This article appeared in print with the headline "Paupers and princesses."

Film Details

The Book Thief
Rated PG-13 · 131 min. · 2013
Official Site: www.thebookthief.com
Director: Brian Percival
Writer: Michael Petroni and Markus Zusak
Producer: Ken Blancato and Karen Rosenfelt
Cast: Geoffrey Rush, Emily Watson, Sophie Nélisse, Ben Schnetzer, Nico Liersch, Joachim Paul Assböck, Kirsten Block, Sandra Nedeleff, Ludger Bökelmann and Rafael Gareisen

Trailer


Now Playing

The Book Thief is not showing in any theaters in the area.

Comments

Subscribe to this thread:

Add a comment

INDY Week publishes all kinds of comments, but we don't publish everything.

  • Comments that are not contributing to the conversation will be removed.
  • Comments that include ad hominem attacks will also be removed.
  • Please do not copy and paste the full text of a press release.

Permitted HTML:
  • To create paragraphs in your comment, type <p> at the start of a paragraph and </p> at the end of each paragraph.
  • To create bold text, type <b>bolded text</b> (please note the closing tag, </b>).
  • To create italicized text, type <i>italicized text</i> (please note the closing tag, </i>).
  • Proper web addresses will automatically become links.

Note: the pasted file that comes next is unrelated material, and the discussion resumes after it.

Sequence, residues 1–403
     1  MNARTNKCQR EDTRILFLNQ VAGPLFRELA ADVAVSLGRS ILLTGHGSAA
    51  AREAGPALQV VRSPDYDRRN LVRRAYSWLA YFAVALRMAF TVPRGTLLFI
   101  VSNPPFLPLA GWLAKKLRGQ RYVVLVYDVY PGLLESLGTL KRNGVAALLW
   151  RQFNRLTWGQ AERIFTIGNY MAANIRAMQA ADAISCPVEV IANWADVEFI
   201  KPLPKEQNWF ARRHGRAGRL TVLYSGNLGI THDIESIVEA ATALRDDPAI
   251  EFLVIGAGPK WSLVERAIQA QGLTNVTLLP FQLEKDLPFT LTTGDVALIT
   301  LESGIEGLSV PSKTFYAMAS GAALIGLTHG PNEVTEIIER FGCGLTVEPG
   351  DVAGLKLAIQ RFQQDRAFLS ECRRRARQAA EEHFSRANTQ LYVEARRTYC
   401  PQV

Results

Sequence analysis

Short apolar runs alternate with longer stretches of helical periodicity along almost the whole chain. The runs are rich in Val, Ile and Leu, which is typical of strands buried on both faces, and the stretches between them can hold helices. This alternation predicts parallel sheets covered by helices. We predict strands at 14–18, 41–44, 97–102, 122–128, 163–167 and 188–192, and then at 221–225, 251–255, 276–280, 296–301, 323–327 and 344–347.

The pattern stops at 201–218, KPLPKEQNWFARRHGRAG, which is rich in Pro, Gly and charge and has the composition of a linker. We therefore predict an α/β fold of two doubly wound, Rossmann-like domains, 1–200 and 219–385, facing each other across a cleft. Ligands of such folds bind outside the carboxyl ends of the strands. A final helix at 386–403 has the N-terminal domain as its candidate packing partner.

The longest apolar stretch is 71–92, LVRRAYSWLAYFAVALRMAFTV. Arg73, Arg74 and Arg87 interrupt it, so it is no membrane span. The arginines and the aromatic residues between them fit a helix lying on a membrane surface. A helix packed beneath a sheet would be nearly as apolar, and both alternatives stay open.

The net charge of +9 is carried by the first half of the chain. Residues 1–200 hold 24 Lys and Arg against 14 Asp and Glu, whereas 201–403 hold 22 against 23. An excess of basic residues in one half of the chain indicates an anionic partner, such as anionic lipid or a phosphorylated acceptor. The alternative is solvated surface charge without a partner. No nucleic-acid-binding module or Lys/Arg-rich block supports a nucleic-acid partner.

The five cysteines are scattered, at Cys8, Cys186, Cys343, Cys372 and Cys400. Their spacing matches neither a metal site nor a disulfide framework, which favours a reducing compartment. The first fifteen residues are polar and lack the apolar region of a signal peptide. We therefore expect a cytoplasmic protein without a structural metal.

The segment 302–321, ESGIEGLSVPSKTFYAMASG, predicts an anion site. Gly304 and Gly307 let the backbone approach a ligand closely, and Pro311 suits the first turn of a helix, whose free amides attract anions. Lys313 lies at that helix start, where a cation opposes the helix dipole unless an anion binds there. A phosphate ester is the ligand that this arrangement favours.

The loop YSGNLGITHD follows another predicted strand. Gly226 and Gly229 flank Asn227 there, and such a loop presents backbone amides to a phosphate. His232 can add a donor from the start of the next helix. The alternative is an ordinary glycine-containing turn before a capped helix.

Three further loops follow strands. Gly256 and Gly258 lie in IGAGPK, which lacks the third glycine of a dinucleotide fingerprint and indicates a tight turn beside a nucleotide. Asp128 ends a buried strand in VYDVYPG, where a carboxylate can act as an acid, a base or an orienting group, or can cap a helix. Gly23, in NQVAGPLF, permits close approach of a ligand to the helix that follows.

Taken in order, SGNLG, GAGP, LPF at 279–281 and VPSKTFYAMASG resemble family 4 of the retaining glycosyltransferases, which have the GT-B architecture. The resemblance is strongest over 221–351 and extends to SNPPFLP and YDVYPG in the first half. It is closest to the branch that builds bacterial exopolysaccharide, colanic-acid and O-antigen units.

Latest in Film Review



Twitter Activity

Comments

Much as I hate to be that guy, I must nonetheless point out a minor error in your review. The …

by Just Another Malcontent on Wes Anderson’s Isle of Dogs Is an Alternately Respectful and Baffling Parable About Japan (Film Review)

I loved the movie but I'm curious about the Japanese version. Will it be translated or subtitled? I assume they …

by Neil Robertson on Wes Anderson’s Isle of Dogs Is an Alternately Respectful and Baffling Parable About Japan (Film Review)

Most Read

No recently-read stories.

Visit the archives…

Most Recent Comments

Much as I hate to be that guy, I must nonetheless point out a minor error in your review. The …

by Just Another Malcontent on Wes Anderson’s Isle of Dogs Is an Alternately Respectful and Baffling Parable About Japan (Film Review)

I loved the movie but I'm curious about the Japanese version. Will it be translated or subtitled? I assume they …

by Neil Robertson on Wes Anderson’s Isle of Dogs Is an Alternately Respectful and Baffling Parable About Japan (Film Review)

Lurid and Trashy? Clint Eastwood is a true pioneer of cinema-in front of the camera and in the directors chair.For …

by jde on In Her Remake of Clint Eastwood's Lurid, Trashy The Beguiled, Sofia Coppola Probes Deeper Rhythms (Film Review)

Americans are really good at watching movies and everyone knows that they spend a lot of money on watching them, …

by Anil Sharma on The Average American Sees Five Thousand Movies in a Lifetime. Half of Them Come Out This Week. (Film Review)

I read a couple of good reviews about this movie in Hungarian papers. Actually it could be my mother's and …

by Gabor Lukacs on Ferenc Török’s 1945 Is a Dark Fable and a History Lesson Wrapped in Fine Cinematic Storytelling (Film Review)

© 2018 Indy Week • 320 E. Chapel Hill St., Suite 200, Durham, NC 27701 • phone 919-286-1972 • fax 919-286-4274
RSS Feeds | Powered by Foundation